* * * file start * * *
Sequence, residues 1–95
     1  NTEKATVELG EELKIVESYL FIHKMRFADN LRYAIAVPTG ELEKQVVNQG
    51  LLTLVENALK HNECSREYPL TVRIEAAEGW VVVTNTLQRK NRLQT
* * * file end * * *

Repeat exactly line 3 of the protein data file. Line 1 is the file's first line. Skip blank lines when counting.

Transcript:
    51  LLTLVENALK HNECSREYPL TVRIEAAEGW VVVTNTLQRK NRLQT